March 2022

The Crisis in Ukraine: A Brief UN Overview

Dear Friends,

Like us, you have undoubtedly been watching in horror the unfolding events in Ukraine. When we accepted responsibilities as the Directors of the Quaker United Nations Office (QUNO) in Geneva and New York this past November, the possibility of such a war was little imagined by us or by the millions of people in Ukraine and Russia. We pray for Friends in Ukraine and Russia, and all impacted by this conflict. We are deeply grateful to hear of the efforts being carried out by Friends in Poland, Estonia and Georgia to provide much needed humanitarian relief.

Quakers have had a presence at the United Nations (UN) for over 70 years. Grounded in our calling to uphold that of the Divine in all of us, we are committed to multilateralism as an approach to find just and non-violent solutions to disputes and to honour the dignity of all members of our human family. In the past weeks we have witnessed a direct challenge to the core principles of peace and collective security embedded in the UN Charter - conflict that has been openly provoked by a permanent member of the UN Security Council, whose responsibility it is to uphold these very principles. This is not the first time that a permanent member of the UN Security Council has ignored the UN Charter.  We are deeply concerned that these actions will further undermine multilateralism and erode the purpose and underlying principles of the UN.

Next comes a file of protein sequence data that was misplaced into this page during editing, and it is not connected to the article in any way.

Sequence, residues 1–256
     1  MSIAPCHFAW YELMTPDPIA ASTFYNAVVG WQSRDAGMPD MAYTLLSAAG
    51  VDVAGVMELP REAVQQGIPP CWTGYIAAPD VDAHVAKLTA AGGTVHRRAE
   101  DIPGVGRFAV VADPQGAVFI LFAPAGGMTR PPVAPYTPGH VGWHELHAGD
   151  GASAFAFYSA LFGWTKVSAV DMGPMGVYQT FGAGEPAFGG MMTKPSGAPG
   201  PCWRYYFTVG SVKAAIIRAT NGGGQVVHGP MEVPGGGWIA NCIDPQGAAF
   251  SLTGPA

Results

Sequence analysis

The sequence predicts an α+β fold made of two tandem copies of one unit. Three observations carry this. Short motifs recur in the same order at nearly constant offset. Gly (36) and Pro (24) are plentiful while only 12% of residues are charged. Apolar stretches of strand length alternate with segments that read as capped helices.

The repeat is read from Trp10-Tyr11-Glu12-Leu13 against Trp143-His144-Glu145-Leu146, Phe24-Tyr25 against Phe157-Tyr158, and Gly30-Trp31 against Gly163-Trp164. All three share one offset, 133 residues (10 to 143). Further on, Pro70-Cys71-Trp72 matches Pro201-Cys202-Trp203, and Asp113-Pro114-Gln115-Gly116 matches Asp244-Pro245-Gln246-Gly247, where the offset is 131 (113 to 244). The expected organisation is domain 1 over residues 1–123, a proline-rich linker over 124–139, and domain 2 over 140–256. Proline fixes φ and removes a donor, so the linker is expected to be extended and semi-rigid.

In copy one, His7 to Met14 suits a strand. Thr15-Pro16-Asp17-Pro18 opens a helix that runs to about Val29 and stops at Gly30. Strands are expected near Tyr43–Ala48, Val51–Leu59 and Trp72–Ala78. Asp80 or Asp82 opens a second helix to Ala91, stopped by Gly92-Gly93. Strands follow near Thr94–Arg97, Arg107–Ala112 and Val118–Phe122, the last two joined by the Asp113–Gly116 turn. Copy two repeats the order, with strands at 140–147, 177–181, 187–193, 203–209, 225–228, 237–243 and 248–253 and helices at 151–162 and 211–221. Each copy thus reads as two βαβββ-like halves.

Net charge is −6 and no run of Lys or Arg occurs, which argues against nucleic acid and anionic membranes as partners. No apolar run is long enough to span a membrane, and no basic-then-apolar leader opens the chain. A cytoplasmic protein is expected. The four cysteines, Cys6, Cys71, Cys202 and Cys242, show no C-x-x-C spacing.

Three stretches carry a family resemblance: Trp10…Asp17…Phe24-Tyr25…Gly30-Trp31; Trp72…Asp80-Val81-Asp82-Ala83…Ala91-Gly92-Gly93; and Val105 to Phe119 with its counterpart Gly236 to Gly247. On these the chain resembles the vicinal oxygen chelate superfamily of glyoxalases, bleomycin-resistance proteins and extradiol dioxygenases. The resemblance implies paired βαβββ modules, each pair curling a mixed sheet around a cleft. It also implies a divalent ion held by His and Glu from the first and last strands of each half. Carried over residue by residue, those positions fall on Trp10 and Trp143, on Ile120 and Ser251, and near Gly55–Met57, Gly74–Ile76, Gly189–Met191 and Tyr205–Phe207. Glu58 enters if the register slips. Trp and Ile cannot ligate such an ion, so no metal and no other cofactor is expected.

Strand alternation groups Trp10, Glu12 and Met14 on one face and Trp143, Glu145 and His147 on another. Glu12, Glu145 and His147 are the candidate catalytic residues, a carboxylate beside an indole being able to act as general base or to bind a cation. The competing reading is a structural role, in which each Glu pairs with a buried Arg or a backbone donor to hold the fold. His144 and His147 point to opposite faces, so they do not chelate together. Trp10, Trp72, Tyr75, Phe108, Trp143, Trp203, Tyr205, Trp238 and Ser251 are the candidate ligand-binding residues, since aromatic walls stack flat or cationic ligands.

These past days, we at QUNO, assisted by our UN Representatives, have closely followed the developments in the UN Security Council, General Assembly, and in the Human Rights Council. We would like to take this opportunity to share some information regarding measures taken in those bodies in New York and Geneva. The situation in Ukraine has gone beyond being a country or regionally specific conflict. It raises issues of global importance for our work for sustainable peace, human rights and climate justice.

QUNO will continue to work, as we have for decades, in supporting a UN that is able to fully carry out its mandate for global peace and justice. It is work that is critically important and requires a long-term and sustained effort. This terrible conflict, like others that rage around our world, should not lead us to lose confidence in the purpose, impact and work of the UN, but only redouble our commitment to building together a world where peace leads the way.

In peace,

Nozizwe Madlala-Routledge, Director, QUNO Geneva                                                                                                Sarah Clarke, Director, QUNO New York

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